On vocabulary lists

I was just adding one more word to my “First 200″ list. It’s still a little out of order, in that words that seem like they should be really solid (because, then, who, why) are way down the list. With time, I’ll figure out whether I should just take those off or whether it will be good to make sure that kids know them in every circumstance. And maybe…the “why/because” combination can stay down there, because kids are not really ready to use them at length until their proficiency is higher than first-year, and then I will be reminded to really focus on getting kids to ask those questions.

Commenting on the specific list is not what I want to do right now. I wanted to say that I am happy with how I used it this year, for the most part. This comment goes back to a conversation I had with Diana Noonan about three years ago now, one that I’ve probably reported a number of times, but it might explain my approach. I was asking Diana about her Denver list of 200 words for Spanish and French classes (search here for “Denver public schools word lists”). If those were for the first two years, what were her lists for the second two years? She said that it would be the same list, just with more complications.

So this is what I’ve done with my list: I am using 25 structures per quarter. First year kids get the first 100. Those are so basic that they come up all the time. In the next three years (I have mixed classes from then on), we rotate, 25 structures at a time, through the entire 200. It will mean that at some point the Russian 1 and Russian 4 will be on the same structures. But the advanced kids will be dealing with the verbs in all tenses and modes, and the nouns in all cases, or at least the ones I want to focus on. And if a “little word” is on the list, I’ll make sure that I use it with a variety of expressions to give the kids the full sense of its use. That, in combination with a slow pace of Scaffolding Literacy, embedded readings and lots of verbal and written CI, should make things flow.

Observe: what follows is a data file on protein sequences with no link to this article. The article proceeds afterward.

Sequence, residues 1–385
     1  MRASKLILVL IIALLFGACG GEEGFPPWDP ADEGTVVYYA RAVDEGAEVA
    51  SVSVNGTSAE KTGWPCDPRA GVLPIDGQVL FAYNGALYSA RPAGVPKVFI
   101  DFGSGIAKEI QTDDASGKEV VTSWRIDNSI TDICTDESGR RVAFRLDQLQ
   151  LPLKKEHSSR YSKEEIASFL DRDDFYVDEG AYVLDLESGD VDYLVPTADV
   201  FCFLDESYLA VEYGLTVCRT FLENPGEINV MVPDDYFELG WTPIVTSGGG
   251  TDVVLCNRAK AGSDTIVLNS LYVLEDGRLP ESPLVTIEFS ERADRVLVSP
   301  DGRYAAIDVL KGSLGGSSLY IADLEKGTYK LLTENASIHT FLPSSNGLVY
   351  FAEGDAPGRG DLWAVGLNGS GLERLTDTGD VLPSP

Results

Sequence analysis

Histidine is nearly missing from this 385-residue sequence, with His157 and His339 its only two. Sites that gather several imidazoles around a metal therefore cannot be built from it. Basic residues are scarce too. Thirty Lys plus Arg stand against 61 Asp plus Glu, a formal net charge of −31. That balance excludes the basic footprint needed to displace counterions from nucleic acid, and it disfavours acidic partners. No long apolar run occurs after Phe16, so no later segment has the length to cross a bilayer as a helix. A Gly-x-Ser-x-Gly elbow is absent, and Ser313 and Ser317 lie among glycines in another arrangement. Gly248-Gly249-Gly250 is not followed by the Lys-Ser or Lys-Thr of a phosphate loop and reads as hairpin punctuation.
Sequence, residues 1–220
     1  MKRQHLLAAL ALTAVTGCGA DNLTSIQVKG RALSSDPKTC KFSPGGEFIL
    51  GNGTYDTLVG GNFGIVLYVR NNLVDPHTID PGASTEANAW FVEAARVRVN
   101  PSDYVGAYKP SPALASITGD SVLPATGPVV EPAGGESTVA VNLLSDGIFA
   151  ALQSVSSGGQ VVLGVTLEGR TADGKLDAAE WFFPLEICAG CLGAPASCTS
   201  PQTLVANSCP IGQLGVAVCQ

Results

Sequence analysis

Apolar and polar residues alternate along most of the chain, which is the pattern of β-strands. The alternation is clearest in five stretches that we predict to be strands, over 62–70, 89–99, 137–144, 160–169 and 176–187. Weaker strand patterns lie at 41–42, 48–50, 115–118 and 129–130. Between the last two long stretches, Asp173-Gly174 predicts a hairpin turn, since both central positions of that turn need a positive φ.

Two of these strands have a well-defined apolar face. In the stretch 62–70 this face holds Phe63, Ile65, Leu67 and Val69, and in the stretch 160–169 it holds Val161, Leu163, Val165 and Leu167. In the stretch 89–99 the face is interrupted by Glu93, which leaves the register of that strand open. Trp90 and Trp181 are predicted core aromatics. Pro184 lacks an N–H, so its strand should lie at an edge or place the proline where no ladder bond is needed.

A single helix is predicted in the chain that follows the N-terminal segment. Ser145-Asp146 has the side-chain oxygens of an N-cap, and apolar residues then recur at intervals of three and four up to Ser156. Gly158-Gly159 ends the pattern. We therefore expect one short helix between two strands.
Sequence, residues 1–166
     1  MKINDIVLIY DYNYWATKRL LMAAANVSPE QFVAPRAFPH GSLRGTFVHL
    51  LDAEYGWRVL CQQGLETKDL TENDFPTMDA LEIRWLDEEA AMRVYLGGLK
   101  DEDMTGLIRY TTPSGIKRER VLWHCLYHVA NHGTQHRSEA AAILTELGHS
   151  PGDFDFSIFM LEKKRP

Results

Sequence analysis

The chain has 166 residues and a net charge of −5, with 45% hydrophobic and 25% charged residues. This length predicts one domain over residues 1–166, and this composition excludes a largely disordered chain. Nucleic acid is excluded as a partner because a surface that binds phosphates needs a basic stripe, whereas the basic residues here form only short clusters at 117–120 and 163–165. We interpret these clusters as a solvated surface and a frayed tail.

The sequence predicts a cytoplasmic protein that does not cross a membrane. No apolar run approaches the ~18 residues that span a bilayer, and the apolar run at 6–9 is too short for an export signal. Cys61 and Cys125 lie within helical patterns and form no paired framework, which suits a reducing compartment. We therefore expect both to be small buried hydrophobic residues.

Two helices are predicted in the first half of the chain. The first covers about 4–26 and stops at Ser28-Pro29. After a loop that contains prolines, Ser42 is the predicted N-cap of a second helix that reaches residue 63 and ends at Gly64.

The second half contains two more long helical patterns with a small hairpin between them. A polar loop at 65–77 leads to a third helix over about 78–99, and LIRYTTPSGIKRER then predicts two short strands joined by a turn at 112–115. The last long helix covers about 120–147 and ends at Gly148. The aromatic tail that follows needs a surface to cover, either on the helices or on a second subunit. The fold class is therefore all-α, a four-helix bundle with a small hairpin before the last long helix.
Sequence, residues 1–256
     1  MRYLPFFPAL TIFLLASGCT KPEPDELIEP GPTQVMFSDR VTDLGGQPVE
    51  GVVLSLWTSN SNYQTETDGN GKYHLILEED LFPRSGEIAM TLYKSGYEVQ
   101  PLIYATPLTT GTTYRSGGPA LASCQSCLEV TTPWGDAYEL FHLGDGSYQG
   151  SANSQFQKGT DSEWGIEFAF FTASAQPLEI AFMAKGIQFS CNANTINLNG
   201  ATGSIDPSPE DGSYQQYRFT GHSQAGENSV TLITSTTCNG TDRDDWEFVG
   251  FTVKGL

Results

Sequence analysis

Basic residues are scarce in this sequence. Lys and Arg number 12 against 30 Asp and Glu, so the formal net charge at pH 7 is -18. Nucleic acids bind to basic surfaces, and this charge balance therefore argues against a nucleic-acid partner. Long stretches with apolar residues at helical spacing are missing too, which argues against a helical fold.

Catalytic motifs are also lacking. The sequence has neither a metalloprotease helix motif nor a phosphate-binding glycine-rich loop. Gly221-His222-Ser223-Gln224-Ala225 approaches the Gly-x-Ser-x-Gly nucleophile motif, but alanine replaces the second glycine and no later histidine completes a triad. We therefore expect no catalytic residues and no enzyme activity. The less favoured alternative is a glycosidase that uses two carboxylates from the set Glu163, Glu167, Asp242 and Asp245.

I still do backward planning with specific additional vocabulary that goes with certain readings, but this year following the list gave me some necessary structure, as well as letting the kids know what they were responsible for more clearly than I had done in the past. One of my level 3 turned in a make-up story the other day using almost all the structures from this quarter, and I nearly hugged her, looking at how correctly she used most of them (grammatically) in context. I was on the point of asking her whether she’d had Russian-student assistance, and then I noticed that the structures we’d used only in one case or tense were sometimes incorrect. She couldn’t manipulate what she hadn’t heard a lot as successfully.

I’m feeling pretty good about what I learned as I taught this year, even as I see all the places I could have improved. I’m so looking forward to next year, but first…I’m looking forward to this summer and creating the time to get outside in the garden, on the lake, into the woods, and onto the hills. Hurrah!

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4 responses to “On vocabulary lists

  1. Thank you for the link to the Denver word list. I lost it with the move to the new school and searched all over the web for it without success. Now it’s on Evernote so I won’t loose it again. I’ll be looking over your and Nathan’s lists over the summer as well to plan for my next year.

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  2. I have to pay you back for that link:) I stumbled upon this while looking through the resources for French on Denver’s site. From 10 minutes that I spent there, it looks very interesting. I’m adding this one to my summer list of “go through thoroughly” (can English spelling be more awful?!).
    http://coerll.utexas.edu/methods/
    Foreign Language Teaching Methods, 2010. This online methods course focuses on best practices for foreign language instruction at the high-school and college levels. The website feature video footage from an actual methods course held at the University of Texas at Austin, and contains interactive, media-rich modules by twelve different faculty members, including Français interactif developers Carl Blyth and Nancy Guilloteau.

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